packet size is assumed to be 64 KB in most existing SGKD schemes [4–7], which is not applicable in

ZigBee-based wireless networks.

With the limitation of the maximum broadcast packet size, the value of other parameters should be

appropriately set for the intended application and compatible with existing network protocols. In

SGKD schemes, system parameters affecting the broadcast packet size are the number of sessions (m),

the size of the session key (log2q), and the degree of the personal polynomial (t). Without loss of

generality, it is assumed that q is a 128-bit integer, and session keys are also 128 bits, which are used

in a symmetric cipher, such as AES. The maximum broadcast packet size is set to be 4KB. Symbol [x]

represents the operation to round x to the integer downward.

(1). The proposed OHC&RP-SGKD scheme 1 vs. the scheme in [8]

The performance of the proposed OHC&RP-SGKD scheme 1 is compared to that of the scheme

in [5] because the storage overhead of each user in these two schemes is same, both of them are the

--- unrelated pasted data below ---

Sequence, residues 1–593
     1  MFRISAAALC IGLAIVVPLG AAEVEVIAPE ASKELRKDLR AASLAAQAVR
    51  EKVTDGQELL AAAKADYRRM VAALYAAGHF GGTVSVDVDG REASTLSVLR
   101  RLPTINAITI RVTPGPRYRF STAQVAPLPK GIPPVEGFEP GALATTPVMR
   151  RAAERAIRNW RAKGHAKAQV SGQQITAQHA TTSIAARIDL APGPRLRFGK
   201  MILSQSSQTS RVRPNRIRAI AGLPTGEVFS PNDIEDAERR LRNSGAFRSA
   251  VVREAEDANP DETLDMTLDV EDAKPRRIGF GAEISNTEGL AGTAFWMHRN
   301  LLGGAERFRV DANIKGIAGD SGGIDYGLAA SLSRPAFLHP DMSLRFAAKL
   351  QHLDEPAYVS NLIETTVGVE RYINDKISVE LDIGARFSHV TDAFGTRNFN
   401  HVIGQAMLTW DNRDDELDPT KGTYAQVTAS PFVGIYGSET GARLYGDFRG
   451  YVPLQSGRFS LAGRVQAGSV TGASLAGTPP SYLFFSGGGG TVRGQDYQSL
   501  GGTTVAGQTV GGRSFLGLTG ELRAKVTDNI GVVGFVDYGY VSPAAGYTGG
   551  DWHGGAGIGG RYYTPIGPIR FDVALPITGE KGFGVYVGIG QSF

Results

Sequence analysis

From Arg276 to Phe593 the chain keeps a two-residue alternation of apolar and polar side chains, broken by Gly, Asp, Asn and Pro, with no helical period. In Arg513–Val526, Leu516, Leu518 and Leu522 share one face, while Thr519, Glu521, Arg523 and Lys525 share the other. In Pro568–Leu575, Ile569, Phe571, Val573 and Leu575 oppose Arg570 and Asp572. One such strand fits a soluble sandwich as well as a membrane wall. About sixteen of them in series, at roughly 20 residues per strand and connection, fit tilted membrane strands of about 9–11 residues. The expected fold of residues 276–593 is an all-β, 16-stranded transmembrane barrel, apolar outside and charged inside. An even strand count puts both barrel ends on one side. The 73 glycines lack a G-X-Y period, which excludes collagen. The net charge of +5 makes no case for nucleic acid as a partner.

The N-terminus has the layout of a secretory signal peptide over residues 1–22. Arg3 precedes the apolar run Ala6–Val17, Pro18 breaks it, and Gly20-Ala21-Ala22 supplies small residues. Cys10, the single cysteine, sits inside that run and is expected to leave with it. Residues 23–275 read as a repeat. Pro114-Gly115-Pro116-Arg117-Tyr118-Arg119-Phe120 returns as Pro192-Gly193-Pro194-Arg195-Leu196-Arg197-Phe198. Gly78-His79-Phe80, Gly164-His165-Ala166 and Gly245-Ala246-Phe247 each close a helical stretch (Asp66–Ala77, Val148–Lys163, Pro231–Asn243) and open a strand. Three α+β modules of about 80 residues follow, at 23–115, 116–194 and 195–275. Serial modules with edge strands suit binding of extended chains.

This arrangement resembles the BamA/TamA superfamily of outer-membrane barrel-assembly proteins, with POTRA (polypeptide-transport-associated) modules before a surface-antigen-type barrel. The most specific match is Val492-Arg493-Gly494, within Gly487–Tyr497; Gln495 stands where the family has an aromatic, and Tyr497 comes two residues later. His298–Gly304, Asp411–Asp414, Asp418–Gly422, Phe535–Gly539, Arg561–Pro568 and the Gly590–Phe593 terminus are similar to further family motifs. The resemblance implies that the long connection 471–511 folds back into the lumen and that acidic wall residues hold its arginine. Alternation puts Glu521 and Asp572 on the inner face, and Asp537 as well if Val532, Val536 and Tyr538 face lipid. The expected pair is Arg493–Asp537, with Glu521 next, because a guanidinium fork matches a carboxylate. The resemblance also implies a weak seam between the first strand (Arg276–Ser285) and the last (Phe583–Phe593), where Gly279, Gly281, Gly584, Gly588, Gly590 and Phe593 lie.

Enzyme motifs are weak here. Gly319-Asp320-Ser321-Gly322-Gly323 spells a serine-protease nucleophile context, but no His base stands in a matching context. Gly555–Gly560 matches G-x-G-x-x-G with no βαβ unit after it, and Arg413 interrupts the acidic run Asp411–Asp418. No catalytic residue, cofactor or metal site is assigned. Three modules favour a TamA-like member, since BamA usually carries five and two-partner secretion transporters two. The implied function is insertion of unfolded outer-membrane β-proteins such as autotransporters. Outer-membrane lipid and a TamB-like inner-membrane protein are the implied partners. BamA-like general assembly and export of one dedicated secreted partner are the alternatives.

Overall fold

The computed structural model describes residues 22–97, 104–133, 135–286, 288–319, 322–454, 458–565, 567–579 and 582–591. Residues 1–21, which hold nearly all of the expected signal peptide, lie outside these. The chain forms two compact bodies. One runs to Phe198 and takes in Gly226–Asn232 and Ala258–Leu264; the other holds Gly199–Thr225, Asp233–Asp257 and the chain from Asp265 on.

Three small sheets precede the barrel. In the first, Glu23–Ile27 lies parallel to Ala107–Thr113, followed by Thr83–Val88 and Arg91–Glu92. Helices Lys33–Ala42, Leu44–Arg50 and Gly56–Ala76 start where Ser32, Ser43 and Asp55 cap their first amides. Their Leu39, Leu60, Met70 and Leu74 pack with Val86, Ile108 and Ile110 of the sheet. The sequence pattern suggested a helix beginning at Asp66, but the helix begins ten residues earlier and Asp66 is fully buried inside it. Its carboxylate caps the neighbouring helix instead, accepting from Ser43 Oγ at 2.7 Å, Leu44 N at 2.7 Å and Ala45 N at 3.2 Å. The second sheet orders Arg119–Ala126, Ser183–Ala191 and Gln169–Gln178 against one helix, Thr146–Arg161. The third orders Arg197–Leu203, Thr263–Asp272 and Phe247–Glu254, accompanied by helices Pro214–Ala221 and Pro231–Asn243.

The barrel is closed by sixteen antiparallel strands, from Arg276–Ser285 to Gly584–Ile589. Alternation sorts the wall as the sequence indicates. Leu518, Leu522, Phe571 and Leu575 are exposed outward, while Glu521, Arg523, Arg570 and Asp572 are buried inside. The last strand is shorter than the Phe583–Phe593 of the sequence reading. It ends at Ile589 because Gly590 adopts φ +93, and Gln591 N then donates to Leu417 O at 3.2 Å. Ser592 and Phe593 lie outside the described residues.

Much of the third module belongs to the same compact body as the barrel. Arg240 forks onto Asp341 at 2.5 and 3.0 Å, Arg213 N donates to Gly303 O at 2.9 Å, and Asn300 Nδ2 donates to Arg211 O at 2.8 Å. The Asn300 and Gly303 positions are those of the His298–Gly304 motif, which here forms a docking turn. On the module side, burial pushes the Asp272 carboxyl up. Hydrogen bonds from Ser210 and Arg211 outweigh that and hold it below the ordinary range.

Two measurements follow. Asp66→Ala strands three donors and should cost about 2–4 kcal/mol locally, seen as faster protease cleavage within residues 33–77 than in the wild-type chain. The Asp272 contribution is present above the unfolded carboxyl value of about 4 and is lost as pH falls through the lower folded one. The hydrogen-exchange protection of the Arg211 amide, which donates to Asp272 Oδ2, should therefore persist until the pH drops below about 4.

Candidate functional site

RP-SGKD schemes, and the scheme in [8] is the best one among existing collusion-attack-resistance

schemes in [4–8]. Let |Rm|max be the maximum allowed number of revoked users in m sessions.

Figure 2 shows performance comparison between the proposed OHC&RP-SGKD scheme 1 and the

scheme in [8], where Figure 2a is the tradeoff between m and t, and Figure 2b is the tradeoff between

m and |Rm|max.

From Figure 2a, we observe that the proposed OHC&RP-SGKD scheme 1 can support more

sessions than the scheme in [8]. In the proposed OHC&RP-SGKD scheme 1, a smaller t can be used to

prolong the lifetime of the scheme because users joined the group in different sessions cannot coalesce